What if citizens could vote on laws, written and sponsored by representatives, instead of just allowing representatives to vote on their behalf? How would we run government with this type of Direct Democracy?
While keeping the basic structure of our government in place, this change would give some power back to the people. As we diminish the voting power of politicians, we would also be getting money out of politics.
Secure voting may be done online using blockchain verification (as used by Bitcoin). The number and length of bills going up for votes in each year would need to be drastically reduced in a Direct Democracy to encourage sufficient participation (e.g. 30% or 50%) to determine the representative’s vote. Currently, very few representatives have time to read all the bills that they vote on and citizens never hear about most of them. This is an unacceptable situation.
Although the decentralization of power is the goal, we do not advocate no government whatsoever. Any society requires organized effort to improve the quality and security of the lives of its individual members, but these organized efforts should never become rigid top-down control systems unresponsive to the people who created them. The overall aim of this site is to promote more democracy and to take political control away from corporate lobbyists, party bosses, politicians, and union leaders. Visitors are invited to fill out survey forms for each issue.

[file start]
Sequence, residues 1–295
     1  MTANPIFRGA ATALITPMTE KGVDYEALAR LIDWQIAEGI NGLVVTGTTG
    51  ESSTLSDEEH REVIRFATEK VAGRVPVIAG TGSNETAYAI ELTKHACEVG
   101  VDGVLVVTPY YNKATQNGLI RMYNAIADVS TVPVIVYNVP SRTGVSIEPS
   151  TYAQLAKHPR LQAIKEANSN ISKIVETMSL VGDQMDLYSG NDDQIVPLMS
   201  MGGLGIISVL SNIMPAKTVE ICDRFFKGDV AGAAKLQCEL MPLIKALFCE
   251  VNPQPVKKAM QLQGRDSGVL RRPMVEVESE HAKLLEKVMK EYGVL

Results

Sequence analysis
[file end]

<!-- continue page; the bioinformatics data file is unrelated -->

-Victoria Alexander, Editor and Libertarian candidate for Congress NY19
Collect petition signatures. Between June 21 and July 23, we need to collect 3,500 signatures from registered voters in NY District 19 to get Victoria Alexander’s name on the ballot on the Libertarian line. Click petition icon to download. After you collect the signatures (10 per page) sign each page as witness at the bottom and mail the competed petitions to Hudson Valley Libertarian Party chair, Gary Treistman, at the address on the petition. Very important: people signing the petition must print their names clearly below their signature, give their full address, and, in the column marked “city/town,” write the name of the township where they are registered to vote, which may not be the same name as the village or hamlet where they live; if voters aren’t sure of their township name, they can leave that blank.
Recommended US organizations that are either working towards decentralization or for more citizen participation.
One Voice Now, local public broadcasting
“America is not a true democracy, but it could be with the help of technology,” by Nicole Softness.